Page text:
Made in Kentucky
Kentucky’s electric co-ops provide the energy that makes most of the world’s Post-it Notes®, playing cards, Corvettes, as well as hundreds of other products known worldwide. Companies cite the state’s central location in the U.S., low electric rates, and employees with good work ethics as key reasons they located here.
When most people think of Kentucky products, they think of bourbon, Thoroughbreds, and tobacco to make cigarettes.
But what about the playing cards used in most casinos in the country, every Post-it Note® used throughout most of the world, and every Corvette made in the last three decades?
These products, and many more that you might not have thought of, are made by international or national corporations that have facilities in the state and are served by one of Kentucky's electric cooperatives.
Kentucky has 24 distribution electric cooperatives that provide electricity to more than 800,000 residential, commercial, and industrial meters, or about one in every three meters in the state. The electricity is generated and transmitted by East Kentucky Power Cooperative in Winchester and Big Rivers Electric Corporation in Henderson, as well as power from the Tennessee Valley Authority that flows to members of five Kentucky distribution co-ops.
Because Kentucky is centrally located in the U.S., with access to several major interstates, and also offers some of the lowest electric rates in the nation, many companies have chosen to locate here.
If you have colorful Post-it Notes® stuck to your desk or refrigerator, you're using a product made in Cynthiana. The 3M plant there is one of the 55,000 accounts served by Blue Grass Energy, which has its headquarters in Nicholasville.
Plant Manager Colleen M. Emery says, "3M typically selects manufacturing sites in rural areas, with good work ethic and a broader community to draw on for employment."
The plant, which has about 500 employees, was opened in 1969 to make 3M overhead projectors and copy machines. It now spins out about 1,300 varieties of Post-it Notes® and 270 kinds of Scotch® packaging tapes. If you have used Post-it Notes® anywhere except Europe, or Scotch industrial box sealing or retail packaging tape anywhere at all, it was made right here in Cynthiana.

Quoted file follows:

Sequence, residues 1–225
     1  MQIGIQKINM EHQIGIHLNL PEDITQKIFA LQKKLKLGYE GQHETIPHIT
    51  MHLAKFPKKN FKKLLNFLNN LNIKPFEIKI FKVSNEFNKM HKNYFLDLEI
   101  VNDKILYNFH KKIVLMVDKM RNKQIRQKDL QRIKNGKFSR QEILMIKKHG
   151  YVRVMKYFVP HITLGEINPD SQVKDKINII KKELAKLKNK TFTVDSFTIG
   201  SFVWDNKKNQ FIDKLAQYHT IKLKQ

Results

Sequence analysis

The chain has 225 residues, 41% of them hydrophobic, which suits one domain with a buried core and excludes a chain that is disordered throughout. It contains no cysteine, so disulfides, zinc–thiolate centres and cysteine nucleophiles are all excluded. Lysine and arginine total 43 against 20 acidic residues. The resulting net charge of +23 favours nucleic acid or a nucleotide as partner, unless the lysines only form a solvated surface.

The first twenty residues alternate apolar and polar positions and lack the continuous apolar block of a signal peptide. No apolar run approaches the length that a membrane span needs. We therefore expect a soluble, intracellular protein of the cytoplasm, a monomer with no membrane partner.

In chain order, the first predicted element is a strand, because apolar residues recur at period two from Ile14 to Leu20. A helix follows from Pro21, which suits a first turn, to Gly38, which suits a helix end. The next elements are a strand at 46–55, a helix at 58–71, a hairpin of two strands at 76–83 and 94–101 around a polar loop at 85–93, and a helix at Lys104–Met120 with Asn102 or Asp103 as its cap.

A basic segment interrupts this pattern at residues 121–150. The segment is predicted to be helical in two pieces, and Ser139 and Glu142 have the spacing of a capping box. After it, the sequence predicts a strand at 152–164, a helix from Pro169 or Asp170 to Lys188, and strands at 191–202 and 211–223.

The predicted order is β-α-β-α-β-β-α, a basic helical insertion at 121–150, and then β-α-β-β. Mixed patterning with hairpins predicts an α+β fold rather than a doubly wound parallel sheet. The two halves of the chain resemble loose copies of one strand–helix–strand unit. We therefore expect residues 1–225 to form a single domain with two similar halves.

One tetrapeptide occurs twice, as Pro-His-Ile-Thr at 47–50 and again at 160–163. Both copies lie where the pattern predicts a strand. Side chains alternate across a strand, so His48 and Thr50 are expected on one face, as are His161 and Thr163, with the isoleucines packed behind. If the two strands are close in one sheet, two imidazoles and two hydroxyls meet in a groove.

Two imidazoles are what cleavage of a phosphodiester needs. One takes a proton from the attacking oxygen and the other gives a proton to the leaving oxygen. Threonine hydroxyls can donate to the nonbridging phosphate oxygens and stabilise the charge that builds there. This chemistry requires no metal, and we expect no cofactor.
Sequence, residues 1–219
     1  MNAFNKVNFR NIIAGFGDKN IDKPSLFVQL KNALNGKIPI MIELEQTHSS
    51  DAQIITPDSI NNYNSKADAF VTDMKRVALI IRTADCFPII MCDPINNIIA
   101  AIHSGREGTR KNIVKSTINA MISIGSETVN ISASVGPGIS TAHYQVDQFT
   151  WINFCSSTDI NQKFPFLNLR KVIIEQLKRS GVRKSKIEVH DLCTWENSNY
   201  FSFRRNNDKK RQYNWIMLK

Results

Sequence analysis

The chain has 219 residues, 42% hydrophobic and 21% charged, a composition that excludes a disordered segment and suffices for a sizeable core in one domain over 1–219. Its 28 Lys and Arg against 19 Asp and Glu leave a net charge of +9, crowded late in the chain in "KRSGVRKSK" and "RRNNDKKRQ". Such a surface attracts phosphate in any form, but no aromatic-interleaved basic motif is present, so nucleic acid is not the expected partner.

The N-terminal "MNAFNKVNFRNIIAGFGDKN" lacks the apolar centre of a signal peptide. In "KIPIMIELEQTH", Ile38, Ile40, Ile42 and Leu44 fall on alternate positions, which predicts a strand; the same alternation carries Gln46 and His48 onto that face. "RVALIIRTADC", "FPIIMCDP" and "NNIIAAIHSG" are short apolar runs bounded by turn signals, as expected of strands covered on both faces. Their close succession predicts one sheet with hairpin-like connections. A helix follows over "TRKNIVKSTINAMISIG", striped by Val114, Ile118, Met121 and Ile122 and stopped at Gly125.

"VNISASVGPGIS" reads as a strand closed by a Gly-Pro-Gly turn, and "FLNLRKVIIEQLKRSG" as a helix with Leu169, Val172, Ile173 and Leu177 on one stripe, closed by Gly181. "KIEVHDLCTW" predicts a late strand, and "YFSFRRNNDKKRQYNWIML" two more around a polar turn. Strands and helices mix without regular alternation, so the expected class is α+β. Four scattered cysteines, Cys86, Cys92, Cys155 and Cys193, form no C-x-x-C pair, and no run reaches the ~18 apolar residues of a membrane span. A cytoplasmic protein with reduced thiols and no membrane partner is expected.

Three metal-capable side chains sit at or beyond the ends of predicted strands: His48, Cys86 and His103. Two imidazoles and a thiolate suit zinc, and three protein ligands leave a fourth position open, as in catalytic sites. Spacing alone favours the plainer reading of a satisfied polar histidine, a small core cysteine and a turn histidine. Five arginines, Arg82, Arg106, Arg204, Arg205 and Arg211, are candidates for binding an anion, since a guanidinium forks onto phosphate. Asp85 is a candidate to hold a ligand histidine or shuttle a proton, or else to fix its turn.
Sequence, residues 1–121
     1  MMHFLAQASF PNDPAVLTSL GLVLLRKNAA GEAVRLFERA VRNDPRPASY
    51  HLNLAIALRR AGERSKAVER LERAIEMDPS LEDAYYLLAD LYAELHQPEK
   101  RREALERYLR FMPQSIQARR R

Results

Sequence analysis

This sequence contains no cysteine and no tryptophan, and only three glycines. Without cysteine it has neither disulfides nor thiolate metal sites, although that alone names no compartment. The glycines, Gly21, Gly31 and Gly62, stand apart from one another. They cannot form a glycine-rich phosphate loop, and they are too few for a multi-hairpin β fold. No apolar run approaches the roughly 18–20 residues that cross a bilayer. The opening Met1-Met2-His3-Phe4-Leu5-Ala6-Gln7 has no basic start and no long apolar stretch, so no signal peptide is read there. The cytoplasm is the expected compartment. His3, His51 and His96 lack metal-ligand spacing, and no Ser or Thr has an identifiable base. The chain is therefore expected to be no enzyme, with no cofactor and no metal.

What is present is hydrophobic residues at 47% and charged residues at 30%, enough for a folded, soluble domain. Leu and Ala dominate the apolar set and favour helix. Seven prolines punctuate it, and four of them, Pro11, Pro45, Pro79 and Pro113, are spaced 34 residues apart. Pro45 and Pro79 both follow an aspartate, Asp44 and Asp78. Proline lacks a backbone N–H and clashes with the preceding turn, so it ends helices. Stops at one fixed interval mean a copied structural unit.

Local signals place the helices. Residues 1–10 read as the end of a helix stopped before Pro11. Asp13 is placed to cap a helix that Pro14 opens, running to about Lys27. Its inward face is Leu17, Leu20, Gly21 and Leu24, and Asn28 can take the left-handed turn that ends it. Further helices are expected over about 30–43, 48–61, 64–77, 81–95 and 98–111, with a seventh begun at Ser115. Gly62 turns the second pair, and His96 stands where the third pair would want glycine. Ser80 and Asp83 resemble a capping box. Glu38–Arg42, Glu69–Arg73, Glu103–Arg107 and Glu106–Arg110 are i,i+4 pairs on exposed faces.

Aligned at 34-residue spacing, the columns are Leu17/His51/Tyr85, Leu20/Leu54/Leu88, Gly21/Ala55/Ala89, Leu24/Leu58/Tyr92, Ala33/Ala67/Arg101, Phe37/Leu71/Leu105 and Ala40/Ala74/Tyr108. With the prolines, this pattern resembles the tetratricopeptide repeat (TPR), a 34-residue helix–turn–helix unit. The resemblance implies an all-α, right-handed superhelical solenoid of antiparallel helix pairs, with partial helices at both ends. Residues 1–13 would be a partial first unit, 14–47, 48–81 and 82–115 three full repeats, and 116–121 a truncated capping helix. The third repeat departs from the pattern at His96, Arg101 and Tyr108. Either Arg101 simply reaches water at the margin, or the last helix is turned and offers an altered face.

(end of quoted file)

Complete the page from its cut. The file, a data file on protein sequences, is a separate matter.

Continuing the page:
Owen Electric Cooperative, which is based in Owenton in northern Kentucky, supplies Toyota Motor Engineering & Manufacturing North America, which opened in 1996. The 1,300 employees there don't make vehicles, but are responsible for engineering, research and development, and the manufacturing activities at 14 plants in the U.S.—which includes the flagship manufacturing plant in Georgetown—Mexico, and Canada.
Here's the deal on another of Owen Electric's 58,000 accounts: The United States Playing Card Company in Erlanger, where 325 employees turn out millions of decks a month. If you have shuffled a deck of Bicycle®, Bee®, or Aviator® brand cards, for example, it was produced right here in Erlanger.
"In the U.S. we're the No. 1 producer of casino-quality playing cards," says Rick Montgomery, the company's facility and security manager. "We supply most of the casinos operating in the United States." The company's largest area of growth now is "emerging markets, such as the preshuffled baccarat decks it sells to casinos in the Chinese gambling enclave of Macau."